Dr Humphrey Lean
Humphrey leads research into formulation and applications of convective-scale versions of the Unified Model.
Areas of expertise
Convective scale modelling
Convection and convective initiation
Use of the Unified Model and associated systems
Humphrey manages the Mesoscale Modelling group at MetOffice@Reading. The overarching aim of the group is to undertake holistic development of km and sub km scale versions of the Unified Model in collaboration with colleagues in the University of Reading Department of Meteorology. Currently the three major areas of work in the group are (i) to improve the explicit representation of convection in versions of the Unified Model with gridlengths between 1.5km and 100m, (ii) understanding predictability in convective scale models including development of high resolution ensembles and (iii) evaluation and improvement of km and sub km scale Unified Model versions in urban areas.
The Mesoscale Modelling group works closely with the MetOffice@Reading DA@Reading group which is aiming utilise novel observations in high resolution forecast systems.
Humphrey's personal interests lie in the areas of orographic rainfall (particularly the seeder-feeder effect), mesoscale structures in cyclones, convection and urban meteorology. An important aspect of Humphrey's work is to facilitate collaboration with colleagues in academia in particular with those in the University of Reading Department of Meteorology where MetOffice@Reading is located.
Humphrey's first degree was in Physics (University of Bristol Department of Physics) followed by a PhD in low temperature physics, specifically superconductivity (University of Cambridge Department of Physics). He carried out post-doctoral work on high-temperature superconductors and also worked for a couple of years at the Culham Centre for Fusion Energy on the tokamak fusion programme.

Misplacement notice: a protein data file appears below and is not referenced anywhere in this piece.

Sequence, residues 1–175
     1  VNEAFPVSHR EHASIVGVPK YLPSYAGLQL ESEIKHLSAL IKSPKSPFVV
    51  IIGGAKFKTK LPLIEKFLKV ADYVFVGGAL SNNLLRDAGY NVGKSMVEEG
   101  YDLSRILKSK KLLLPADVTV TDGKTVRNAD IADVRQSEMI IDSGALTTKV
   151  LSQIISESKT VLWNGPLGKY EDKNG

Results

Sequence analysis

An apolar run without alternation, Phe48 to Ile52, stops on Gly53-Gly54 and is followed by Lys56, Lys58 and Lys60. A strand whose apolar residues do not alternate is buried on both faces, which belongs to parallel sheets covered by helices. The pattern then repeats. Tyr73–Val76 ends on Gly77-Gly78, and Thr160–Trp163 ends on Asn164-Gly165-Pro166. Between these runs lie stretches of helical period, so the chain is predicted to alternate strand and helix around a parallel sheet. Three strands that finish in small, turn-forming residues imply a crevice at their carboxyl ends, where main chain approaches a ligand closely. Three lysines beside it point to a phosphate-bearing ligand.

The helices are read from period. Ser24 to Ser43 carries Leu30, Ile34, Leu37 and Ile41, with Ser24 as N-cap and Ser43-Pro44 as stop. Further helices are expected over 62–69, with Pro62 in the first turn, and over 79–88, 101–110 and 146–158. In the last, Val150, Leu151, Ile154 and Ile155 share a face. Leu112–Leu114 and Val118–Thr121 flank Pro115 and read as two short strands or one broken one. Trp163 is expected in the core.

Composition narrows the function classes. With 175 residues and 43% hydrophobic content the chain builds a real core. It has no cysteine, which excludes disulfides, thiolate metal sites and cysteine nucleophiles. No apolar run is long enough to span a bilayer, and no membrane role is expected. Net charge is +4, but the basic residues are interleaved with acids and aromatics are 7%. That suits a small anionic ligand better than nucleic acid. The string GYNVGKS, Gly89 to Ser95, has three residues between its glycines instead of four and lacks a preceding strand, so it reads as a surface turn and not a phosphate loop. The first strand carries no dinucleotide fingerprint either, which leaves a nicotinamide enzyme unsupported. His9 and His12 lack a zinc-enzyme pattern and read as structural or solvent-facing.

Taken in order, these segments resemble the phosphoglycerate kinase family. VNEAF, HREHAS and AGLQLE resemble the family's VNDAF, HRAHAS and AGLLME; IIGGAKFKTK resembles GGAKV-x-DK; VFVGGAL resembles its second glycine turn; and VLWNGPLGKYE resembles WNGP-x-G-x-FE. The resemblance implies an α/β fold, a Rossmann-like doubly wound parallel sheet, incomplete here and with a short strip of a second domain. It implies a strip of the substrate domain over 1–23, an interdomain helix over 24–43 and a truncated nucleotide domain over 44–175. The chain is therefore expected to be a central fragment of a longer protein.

Humphrey joined the Met Office () in 1995 and worked initially in the Weather Systems group with Sid Clough. In early 1997 the group was involved with the Fronts and Atlantic Storm tracks Experiment (FASTEX) and much of his work was involved in mesoscale modelling of cases from this. Particular areas of interest were the role of microphysical processes in cyclone development and system relative analysis.
In 1998 Humphrey moved into the Mesoscale Modelling group with Peter Clark, but continued to work on related modelling for a while. In late 1999 he started work running the non-hydrostatic prototype of the Unified Model at higher resolutions than 12 km (then the highest in the operational system). This, very quickly, showed encouraging results (initially for cases). As a result, Humphrey started the High Resolution Trial Model (HRTM) project in 2002 ,which established many aspects of the optimal configuration of the Unified Model at 4 km and 1 km resolutions, and included systematic trials to ascertain both the benefits and the problems with these models. This work led directly to the implementation of the UK 4 km model in the operational system in 2005 and the 1.5 km model in 2009.